Vatican_Prophecies.m4a

     

  • Closing synod, pope says church must practice mercy not condemnation

    Pope Francis closed the Synod on the Family with a ringing call for the church to practice mercy toward struggling and broken families, and to avoid using church doctrine as “stones to be hurled at others.”

    In a final address to the more than 300 synod participants, the pope also noted that the discussion during the three-week-long assembly was open but not always charitable. At times, he said, the synod had to rise above “conspiracy theories and blinkered viewpoints.”

    The pope’s address came shortly after a vote on a final document that backed away from some controversial pastoral proposals, but left the door open for further development of certain questions, including that of Communion for divorced and remarried Catholics.

    It was a remarkable speech, one that left no doubt about Francis' priorities. Rather than touch on specific proposals, the pope gave a broader vision of what, in his view, the synod had highlighted.

    “The church’s first duty is not to hand down condemnations or anathemas, but to proclaim God’s mercy, to call to conversion, and to lead all men and women to salvation in the Lord,” he said.

    The synod, he said, was not about finding exhaustive solutions for all the problems and uncertainties facing families today, but studying them carefully and fearlessly “without burying our heads in the sand.” He reaffirmed the church's teaching of marriage as a permanent union between a man and a woman, calling the family the "fundamental basis of society and human life."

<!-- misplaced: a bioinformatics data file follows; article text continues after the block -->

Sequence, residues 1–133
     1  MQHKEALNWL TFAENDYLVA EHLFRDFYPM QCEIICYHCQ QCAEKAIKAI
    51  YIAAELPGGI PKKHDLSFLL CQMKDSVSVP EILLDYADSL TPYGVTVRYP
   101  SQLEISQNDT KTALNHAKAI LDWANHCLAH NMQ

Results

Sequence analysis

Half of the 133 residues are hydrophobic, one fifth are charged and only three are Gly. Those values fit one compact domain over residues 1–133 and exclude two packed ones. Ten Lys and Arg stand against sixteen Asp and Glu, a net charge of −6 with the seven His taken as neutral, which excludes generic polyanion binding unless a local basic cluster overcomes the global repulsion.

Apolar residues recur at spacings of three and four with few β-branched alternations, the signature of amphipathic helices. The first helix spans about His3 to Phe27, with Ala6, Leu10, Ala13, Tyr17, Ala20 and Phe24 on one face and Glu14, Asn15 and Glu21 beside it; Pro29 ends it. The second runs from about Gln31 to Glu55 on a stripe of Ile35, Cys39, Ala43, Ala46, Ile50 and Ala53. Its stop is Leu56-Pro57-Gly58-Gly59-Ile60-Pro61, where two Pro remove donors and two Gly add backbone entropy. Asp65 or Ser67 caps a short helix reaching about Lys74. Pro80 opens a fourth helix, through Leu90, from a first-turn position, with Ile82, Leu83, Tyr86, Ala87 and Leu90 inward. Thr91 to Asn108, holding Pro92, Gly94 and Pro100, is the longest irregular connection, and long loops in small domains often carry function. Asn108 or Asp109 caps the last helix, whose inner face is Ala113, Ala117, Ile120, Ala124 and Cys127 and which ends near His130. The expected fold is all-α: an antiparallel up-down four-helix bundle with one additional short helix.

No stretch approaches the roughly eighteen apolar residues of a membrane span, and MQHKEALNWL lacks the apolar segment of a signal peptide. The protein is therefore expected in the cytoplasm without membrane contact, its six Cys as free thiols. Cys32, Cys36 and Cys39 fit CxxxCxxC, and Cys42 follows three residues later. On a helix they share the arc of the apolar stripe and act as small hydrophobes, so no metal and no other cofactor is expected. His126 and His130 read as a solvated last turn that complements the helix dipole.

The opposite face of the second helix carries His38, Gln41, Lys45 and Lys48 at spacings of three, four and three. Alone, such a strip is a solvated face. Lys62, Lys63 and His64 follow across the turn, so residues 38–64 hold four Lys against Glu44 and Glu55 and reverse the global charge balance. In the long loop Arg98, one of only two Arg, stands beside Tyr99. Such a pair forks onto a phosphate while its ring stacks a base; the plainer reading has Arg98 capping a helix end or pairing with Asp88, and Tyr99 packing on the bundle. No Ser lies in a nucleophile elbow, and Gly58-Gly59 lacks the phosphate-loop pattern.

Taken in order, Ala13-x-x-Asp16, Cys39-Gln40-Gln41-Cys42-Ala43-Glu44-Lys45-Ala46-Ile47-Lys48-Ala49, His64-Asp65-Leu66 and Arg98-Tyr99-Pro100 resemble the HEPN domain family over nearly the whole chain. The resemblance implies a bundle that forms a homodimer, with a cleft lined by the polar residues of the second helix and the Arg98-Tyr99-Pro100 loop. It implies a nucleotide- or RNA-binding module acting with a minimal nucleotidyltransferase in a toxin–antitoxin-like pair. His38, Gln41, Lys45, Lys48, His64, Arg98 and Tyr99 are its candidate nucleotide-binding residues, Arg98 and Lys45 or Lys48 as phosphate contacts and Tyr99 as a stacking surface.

The pope then said what the synod was about, emphasizing the listening and dialogue of bishops form diverse social and religious situations:

    "It was about showing the vitality of the Catholic Church, which is not afraid to stir dulled consciences or to soil her hands with lively and frank discussions about the family."

    "It was about bearing witness to everyone that, for the church, the Gospel continues to be a vital source of eternal newness, against all those who would 'indoctrinate' it in dead stones to be hurled at others."

    "It was also about laying bare the closed hearts which frequently hide even behind the church's teachings or good intentions, in order to sit in the chair of Moses and judge, sometimes with superiority and superficiality, difficult cases and wounded families."

    The pope said the true defenders of doctrine "are not those who uphold its letter, but its spirit; not ideas but people; not formulae but the gratuitousness of God’s love and forgiveness. This is in no way to detract from the importance of formulae, laws and divine commandments, but rather to exalt the greatness of the true God, who does not treat us according to our merits or even according to our works but solely according to the boundless generosity of his Mercy."

    The pope emphasized that, apart from defined dogmas, it is difficult to make uniform policies for every church community on every continent, because of the diversity of pastoral situations. What is normal for a bishop on one continent can be “considered strange and almost scandalous” for a bishop from another, he said.

    At that point in his speech, the pope clearly pointed the way to greater appreciation and freedom for local innovation and adaptations, sometimes called inculturation of the faith, which he said “does not weaken true values” and their ability to transform cultures.

    The pope also spoke about the need to update the church’s language when it evangelizes, saying the beauty of Christianity is “at times encrusted in a language which is archaic or simply incomprehensible.” That was a key theme of the synod deliberations.

    He said the church is committed to defending the family against "all ideological and individualistic assaults." But he said that should be done without "demonizing others."